The significance of this point goes far beyond questions of a philosophical interpretation of humanity’s place in the universe. Humanity is now struggling to maintain itself on an overcrowded planet, on an Earth in which the life-support systems of air and water and food and land are being imperilled by human action. To deal with the many crises facing us, we need to deal with the Earth as it is - not with the utterly unreal Earth that the young-Earth creationists have convinced themselves of, by over-literal interpretation of scriptural texts.
This is not at all to say that the world’s religions have no part to play in, say, the growing threat of global warming. On the contrary: the moral standpoints they provide may perhaps prove crucial in influencing individual or collective action that might counter this threat. But human reason as applied to the reality of the world around us – which is in essence what science is – must lie at the heart of any civilised society. The Giant’s Causeway, and its 60-million year history, must be used to help promote that reason, and to better understand the real Earth on which we live.


11 comments:

  1. its the lack of "amongst themselves" an the NT talking about "mainstream science", and "debate" that people are giving out about

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  2. I think people are reacting to the creationist claims about having their views recognised.

    In reality they are recognised in a small way in the shadow of two mythical giants, which seems quite appropriate.

    If you are happy for the mythical giants to be mentioned then why not mention other bits of nonsense?

    People are reacting to lies by creationists reported without fact checking by sloppy journo's.

    In the meantime creationists are teaching their crap as fact to kids in private schools here in the UK and applying for free school status to get public money to do the same thing. Where is the press coverage and twitter outrage about that?

    Join BCSE and fight on the front lines in the really important battle.

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  3. I broadly agree, quite strongly, with the Geological Society's position. However, about this bit "strongly disagree with any suggestion that Creationist views should be given any space in publicly funded museums or visitor centres that explain natural history" I think they need to explain what they mean by 'any space'. It is impossible, and I think undesirable, to explain evidenced truths without describing the broader cultural context or history of those truths. Publicly funded museums have a duty to explore the diversity of cultural views and histories. I don't think the NT has given the Creationists 'space' to expound as if it were truth, from what I can tell. Their inclusion in the story is culturally valid, given that creationism is held by a significant proportion of the NI population and the majority party in power. I think the Visitor Centre experience is likely to have a beneficial effect overall in opening those people's eyes to the natural world.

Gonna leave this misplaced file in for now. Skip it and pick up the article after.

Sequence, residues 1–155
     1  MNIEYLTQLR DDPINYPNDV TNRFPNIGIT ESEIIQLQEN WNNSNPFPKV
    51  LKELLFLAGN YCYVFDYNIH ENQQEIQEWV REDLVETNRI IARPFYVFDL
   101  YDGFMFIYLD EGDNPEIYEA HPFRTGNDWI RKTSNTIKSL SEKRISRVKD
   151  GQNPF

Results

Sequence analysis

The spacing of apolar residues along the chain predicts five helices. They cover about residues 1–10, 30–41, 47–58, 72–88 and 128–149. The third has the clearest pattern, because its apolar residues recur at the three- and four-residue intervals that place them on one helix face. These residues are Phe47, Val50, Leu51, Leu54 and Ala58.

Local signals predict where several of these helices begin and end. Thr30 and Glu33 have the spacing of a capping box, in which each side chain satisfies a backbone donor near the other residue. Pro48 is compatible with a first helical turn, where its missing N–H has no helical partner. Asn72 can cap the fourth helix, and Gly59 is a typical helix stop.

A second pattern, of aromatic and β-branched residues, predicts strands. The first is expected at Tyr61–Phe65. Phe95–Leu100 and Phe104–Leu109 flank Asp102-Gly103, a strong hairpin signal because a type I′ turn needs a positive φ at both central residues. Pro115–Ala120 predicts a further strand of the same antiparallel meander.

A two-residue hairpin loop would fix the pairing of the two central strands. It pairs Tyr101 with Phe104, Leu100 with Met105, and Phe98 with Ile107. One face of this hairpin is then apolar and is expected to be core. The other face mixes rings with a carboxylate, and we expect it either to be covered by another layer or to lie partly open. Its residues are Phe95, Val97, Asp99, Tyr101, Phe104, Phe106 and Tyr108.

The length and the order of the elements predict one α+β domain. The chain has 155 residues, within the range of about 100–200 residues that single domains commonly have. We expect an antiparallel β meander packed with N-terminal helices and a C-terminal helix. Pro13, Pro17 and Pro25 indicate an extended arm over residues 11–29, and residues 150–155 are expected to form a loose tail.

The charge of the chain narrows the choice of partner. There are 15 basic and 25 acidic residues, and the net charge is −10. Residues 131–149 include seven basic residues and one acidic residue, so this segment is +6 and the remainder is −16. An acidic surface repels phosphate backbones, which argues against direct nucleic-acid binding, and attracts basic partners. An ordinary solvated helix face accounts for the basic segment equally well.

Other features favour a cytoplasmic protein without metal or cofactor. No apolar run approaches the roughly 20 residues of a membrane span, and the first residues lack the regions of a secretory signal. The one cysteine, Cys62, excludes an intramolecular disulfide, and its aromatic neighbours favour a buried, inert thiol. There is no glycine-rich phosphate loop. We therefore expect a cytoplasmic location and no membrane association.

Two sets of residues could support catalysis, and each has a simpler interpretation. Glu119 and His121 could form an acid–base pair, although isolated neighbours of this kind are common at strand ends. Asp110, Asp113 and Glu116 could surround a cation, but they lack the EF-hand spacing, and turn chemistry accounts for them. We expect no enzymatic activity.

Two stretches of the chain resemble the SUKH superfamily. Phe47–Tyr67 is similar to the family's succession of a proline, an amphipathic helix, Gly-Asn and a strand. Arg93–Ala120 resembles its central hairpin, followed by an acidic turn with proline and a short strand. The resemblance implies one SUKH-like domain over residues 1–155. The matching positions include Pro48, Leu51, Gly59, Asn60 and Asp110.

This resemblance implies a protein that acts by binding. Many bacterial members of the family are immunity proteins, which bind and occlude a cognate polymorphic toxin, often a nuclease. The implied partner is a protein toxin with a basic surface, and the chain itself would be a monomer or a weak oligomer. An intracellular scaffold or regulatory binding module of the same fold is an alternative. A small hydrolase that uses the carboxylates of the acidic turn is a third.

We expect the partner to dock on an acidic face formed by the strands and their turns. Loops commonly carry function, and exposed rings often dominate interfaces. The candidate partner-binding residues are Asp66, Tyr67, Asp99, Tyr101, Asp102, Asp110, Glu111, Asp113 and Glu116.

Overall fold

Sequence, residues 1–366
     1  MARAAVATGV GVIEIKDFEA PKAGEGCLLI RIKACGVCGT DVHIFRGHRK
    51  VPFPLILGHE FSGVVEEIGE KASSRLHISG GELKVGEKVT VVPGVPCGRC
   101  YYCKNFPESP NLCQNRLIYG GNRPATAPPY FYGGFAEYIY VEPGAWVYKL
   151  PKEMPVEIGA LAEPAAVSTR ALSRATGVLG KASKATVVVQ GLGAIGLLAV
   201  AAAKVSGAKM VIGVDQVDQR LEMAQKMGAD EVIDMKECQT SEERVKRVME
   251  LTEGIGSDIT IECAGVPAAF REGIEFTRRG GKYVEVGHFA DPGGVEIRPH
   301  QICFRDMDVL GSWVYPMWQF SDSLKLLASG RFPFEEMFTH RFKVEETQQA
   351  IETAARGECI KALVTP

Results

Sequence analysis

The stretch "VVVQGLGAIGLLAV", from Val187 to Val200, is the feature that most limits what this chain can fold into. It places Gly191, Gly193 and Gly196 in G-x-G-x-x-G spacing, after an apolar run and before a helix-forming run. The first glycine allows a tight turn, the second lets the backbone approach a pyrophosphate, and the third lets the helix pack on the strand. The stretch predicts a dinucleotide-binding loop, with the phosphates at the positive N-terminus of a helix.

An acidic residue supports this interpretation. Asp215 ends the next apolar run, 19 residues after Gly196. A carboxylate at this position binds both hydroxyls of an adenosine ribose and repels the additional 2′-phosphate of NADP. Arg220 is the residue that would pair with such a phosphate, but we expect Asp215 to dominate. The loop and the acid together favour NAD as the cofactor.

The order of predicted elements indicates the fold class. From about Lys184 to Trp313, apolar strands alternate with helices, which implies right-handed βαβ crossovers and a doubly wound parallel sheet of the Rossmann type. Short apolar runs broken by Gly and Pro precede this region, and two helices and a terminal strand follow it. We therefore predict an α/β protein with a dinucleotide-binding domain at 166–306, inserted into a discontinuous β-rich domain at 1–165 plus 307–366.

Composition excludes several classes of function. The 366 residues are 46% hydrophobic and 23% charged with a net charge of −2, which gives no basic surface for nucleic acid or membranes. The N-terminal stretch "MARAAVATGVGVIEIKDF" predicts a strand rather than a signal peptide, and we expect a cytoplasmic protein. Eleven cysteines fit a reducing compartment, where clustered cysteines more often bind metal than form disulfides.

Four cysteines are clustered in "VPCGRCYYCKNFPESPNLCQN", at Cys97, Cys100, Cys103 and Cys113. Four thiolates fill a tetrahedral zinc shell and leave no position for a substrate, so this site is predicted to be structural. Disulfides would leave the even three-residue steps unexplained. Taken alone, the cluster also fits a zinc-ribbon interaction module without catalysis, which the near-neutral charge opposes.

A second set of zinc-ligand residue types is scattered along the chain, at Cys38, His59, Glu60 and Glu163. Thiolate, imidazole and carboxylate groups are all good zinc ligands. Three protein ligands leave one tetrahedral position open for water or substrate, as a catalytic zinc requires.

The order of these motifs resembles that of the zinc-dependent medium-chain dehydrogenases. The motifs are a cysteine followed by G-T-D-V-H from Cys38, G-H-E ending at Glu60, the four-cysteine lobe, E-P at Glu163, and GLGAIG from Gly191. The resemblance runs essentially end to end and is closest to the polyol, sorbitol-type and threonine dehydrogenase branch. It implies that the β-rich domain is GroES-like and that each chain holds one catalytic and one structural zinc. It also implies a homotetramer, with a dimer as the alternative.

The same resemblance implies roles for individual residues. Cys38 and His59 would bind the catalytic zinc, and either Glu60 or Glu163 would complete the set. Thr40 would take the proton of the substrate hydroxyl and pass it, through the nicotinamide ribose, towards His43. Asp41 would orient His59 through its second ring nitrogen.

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  4. Hi Bridget,

    No one seems to be complaining about the Mythical Giants either.

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  5. The issue that people have with the National Trust is as follows:

    For some reason a decision was made to provide a platform for a single extremely marginal religious opinion. Whether this was the outcome of undue political pressure remains to be seen but the result is clear, the National Trust have offered the
    Caleb Foundation a veneer of legitimacy in their attempts to generate the impression that some kind of debate exists around the issue of the age and formation of the Giants Causeway. The exhibit even baldly states 'the debate continues' - this is simply a lie and would be on a par with an Armagh Planetarium exhibition on the Apollo 11 Moon landings suggesting that there is some sort of serious question over
    whether or not Neil Armstrong landed on the Moon.

    There is no debate. There is no 'mainstream' science vs. some other kind of science. There is reality, and there is pandering to fundamentalist religious belief. The Caleb Foundation obviously sees this as a wedge issue, and the National Trust has chosen to facilitate them in disseminating their narrow religious viewpoint.

    People are not overacting or 'making a lot of fuss about nothing' in objecting strongly to the actions of the National Trust in this matter and I expect complaints to continue until the creationist spin is removed from the exhibit.